The Naked Prey
Sixties survival thriller The Naked Prey sets off on a bad footing, with an uncomfortable voiceover that’s liable to trigger alarm bells in modern audiences (“A hundred years ago, Africa was a vast, dark unknown… And man, lacking the will to understand other men, became like beasts”). The suspicions linger into an opening act that prefigures the “savage tribe” brand of video nasty typified by Cannibal Holocaust, as a group of white hunters are set upon by barbaric natives and subjected to graphically inventive tortures.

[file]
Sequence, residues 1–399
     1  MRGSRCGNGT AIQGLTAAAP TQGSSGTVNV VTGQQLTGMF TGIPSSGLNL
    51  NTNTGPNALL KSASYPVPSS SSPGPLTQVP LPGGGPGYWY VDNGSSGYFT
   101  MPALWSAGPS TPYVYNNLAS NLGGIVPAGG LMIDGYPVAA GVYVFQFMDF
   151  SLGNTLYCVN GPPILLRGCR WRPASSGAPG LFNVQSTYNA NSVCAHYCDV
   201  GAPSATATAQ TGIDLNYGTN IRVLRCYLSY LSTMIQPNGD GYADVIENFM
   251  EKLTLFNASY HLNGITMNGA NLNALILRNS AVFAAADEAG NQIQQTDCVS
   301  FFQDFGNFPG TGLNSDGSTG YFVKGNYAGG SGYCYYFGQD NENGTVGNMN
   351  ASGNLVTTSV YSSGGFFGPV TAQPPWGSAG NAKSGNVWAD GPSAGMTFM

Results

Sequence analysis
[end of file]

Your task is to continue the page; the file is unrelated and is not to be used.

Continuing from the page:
Then, gradually, over the course of an extended cat-and-mouse chase across scorched scrubland, a more nuanced, critical work emerges. Ex-matinee idol Cornel Wilde impresses on both sides of the camera, giving a committed, physical performance in the lead role and keeping the action lean and relentless in his capacity as director, and, while some representational choices have dated better than others, the final result more than holds up. [Chris Buckle]